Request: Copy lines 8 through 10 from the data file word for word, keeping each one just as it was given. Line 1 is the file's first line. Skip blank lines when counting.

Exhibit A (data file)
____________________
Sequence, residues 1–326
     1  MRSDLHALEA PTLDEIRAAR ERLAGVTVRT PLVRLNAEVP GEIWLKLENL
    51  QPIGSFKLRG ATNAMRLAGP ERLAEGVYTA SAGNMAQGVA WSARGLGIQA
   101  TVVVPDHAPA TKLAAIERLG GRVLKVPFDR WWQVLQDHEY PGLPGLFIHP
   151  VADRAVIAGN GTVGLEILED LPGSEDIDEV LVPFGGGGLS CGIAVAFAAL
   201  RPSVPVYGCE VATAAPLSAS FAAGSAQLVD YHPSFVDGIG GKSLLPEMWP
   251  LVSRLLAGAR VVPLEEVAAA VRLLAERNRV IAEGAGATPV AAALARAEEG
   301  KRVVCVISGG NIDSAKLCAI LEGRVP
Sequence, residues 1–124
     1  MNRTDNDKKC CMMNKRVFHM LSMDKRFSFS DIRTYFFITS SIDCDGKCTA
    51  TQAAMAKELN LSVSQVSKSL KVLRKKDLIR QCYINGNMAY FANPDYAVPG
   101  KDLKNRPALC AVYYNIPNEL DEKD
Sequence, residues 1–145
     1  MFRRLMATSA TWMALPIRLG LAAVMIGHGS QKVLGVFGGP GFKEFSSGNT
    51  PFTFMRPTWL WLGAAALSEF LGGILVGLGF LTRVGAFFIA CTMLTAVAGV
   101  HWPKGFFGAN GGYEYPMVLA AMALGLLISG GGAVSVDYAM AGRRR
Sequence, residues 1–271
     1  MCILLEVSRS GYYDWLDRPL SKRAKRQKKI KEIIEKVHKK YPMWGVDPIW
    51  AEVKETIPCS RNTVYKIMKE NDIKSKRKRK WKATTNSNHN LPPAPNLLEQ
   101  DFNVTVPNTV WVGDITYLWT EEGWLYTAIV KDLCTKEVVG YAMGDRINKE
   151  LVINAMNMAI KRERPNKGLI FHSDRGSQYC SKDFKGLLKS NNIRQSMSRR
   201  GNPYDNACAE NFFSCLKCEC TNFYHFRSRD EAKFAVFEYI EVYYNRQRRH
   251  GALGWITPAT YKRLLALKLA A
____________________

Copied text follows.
   301  KRVVCVISGG NIDSAKLCAI LEGRVP
Sequence, residues 1–124
     1  MNRTDNDKKC CMMNKRVFHM LSMDKRFSFS DIRTYFFITS SIDCDGKCTA